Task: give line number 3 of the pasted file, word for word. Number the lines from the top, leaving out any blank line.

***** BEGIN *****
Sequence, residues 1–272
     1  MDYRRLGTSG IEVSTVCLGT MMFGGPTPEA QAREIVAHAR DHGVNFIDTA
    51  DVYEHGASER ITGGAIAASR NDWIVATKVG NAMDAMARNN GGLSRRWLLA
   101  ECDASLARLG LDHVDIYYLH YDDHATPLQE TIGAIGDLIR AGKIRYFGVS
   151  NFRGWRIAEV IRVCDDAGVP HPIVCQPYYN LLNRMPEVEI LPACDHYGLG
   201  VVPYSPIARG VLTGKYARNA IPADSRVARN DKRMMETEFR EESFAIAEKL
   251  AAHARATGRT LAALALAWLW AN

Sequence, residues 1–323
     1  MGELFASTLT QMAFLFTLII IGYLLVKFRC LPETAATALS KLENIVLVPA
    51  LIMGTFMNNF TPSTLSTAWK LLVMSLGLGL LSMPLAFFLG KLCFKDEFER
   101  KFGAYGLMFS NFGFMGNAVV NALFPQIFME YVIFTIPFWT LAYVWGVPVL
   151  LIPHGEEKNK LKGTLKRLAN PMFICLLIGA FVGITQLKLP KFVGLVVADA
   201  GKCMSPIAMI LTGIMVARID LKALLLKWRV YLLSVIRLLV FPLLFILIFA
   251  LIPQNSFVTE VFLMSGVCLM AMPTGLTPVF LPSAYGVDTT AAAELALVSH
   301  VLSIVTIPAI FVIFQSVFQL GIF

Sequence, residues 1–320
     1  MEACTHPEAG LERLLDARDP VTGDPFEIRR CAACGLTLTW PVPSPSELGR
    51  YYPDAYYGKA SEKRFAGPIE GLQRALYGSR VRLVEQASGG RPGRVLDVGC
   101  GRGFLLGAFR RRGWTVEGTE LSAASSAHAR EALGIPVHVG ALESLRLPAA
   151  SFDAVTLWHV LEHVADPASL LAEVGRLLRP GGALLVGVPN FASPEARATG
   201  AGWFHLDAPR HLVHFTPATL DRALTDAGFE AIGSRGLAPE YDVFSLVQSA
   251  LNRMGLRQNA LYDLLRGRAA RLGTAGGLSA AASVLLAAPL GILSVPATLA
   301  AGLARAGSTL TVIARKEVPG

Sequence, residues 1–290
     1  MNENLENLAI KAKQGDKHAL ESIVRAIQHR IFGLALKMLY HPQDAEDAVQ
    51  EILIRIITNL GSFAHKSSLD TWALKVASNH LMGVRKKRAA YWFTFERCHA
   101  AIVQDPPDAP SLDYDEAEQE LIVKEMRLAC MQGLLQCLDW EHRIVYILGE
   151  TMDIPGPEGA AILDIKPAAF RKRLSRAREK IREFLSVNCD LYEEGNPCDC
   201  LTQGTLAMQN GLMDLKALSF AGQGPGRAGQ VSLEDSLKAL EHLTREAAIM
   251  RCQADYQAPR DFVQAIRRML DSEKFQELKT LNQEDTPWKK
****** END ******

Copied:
    51  DVYEHGASER ITGGAIAASR NDWIVATKVG NAMDAMARNN GGLSRRWLLA